Ultimately, towards the end, Jonze transforms the otherwise slow-paced movie to become a fast-paced action-packed film. This changeover is symbolic for it not only heralds doom, but also brings the movie to a poignant halt. For instance, Jonze’s sad victims of circumstances – Donald, Laroche, and Susan – die, with Charlie – the hero – being left intact. I am thus made to feel sorry for the three characters who die as the film ends. How would you differentiate Charlie Kaufman from his twin brother Donald? Obviously they both look exactly like Nicholas Cage, but does Cage portray both twins identically? If not (and “not” is the way to go here), what’s different? I don’t want you to state your overall impressions or opinions or conclusions here, as much as I want to know what made you draw those conclusions. What does each of these characters do or say on the screen that makes you conclude “That’s not what his twin brother would do or say”?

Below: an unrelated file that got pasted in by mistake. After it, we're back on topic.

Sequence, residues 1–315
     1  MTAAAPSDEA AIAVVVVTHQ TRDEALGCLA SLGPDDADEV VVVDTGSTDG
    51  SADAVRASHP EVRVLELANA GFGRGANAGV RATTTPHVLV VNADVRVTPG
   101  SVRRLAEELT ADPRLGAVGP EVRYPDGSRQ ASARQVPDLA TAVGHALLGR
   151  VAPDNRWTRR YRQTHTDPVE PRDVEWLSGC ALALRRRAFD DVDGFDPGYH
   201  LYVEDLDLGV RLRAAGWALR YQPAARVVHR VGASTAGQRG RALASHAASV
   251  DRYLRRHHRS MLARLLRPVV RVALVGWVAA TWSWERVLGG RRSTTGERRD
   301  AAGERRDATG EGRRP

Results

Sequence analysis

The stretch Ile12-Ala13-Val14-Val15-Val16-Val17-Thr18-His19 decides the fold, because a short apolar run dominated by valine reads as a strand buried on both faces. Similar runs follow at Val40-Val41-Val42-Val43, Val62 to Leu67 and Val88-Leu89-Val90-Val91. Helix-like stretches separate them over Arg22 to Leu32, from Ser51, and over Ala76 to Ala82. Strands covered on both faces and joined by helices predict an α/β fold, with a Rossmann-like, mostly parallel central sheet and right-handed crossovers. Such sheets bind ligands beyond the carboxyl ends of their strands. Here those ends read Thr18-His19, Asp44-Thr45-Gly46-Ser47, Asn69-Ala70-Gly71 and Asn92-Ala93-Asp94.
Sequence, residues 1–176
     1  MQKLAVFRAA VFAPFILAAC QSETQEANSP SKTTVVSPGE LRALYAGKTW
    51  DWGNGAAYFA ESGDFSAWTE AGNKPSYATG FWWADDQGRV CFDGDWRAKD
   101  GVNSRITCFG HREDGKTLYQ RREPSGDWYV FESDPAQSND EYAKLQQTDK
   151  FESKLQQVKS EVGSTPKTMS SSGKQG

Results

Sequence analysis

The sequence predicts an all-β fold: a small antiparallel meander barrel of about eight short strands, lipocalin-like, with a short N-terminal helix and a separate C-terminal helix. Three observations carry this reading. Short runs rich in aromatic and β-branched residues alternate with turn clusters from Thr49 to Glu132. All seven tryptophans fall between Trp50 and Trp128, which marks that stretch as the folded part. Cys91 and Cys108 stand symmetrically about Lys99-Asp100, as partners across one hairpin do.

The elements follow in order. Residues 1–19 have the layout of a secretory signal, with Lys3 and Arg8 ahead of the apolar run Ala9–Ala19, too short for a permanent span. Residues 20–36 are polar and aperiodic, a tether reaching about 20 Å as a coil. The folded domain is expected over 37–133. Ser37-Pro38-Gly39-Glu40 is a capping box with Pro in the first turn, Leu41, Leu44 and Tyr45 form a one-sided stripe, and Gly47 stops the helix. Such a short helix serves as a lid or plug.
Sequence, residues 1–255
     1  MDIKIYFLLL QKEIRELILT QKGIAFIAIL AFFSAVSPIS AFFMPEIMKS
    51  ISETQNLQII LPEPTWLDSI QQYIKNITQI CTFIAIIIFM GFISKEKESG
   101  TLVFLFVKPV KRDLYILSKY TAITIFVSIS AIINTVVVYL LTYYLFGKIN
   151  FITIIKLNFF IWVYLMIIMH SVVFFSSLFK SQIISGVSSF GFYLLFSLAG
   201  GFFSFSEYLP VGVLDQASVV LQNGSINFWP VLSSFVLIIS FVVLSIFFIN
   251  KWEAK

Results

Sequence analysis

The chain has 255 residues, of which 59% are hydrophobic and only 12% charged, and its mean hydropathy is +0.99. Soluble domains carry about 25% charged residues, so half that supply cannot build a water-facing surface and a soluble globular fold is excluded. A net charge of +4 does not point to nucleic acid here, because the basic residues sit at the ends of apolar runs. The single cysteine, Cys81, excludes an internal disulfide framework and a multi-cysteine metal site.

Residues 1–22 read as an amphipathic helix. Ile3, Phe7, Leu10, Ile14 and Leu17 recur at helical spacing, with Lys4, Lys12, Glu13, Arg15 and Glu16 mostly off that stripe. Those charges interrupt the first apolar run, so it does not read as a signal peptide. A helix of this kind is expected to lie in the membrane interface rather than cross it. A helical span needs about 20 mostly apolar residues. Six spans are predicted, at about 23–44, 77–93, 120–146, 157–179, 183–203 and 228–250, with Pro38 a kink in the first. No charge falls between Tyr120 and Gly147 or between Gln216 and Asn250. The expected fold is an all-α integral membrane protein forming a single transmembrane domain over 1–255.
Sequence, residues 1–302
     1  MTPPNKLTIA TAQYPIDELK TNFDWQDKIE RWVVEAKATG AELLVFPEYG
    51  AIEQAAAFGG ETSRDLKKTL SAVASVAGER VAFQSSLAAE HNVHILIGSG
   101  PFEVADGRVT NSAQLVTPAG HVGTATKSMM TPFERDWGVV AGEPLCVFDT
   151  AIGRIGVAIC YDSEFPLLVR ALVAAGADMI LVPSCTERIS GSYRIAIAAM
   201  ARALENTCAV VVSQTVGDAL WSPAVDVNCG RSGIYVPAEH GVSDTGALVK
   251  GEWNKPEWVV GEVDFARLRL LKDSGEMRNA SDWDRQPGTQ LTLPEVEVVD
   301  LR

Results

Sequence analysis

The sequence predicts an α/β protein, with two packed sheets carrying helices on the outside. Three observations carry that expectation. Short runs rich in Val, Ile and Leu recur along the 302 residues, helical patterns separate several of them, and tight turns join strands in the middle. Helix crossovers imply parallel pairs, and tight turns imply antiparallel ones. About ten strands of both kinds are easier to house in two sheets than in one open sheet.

Nicholas Cage does not completely succeed in making Donald and Charlie similar because both characters are presumably identical twins but behave differently throughout the film. For instance, at one point, Charlie points out that the direction that McKee gives regarding scriptwriting is unnatural. Conversely, Donald seems to accept McKee’s advice as good. This disparity makes the 2 brothers to openly disagree regarding McKee’s script writing counsel. Where does Charlie Kaufman’s script end, and his brother’s (or some sort of Charlie/Donald collaboration) begin?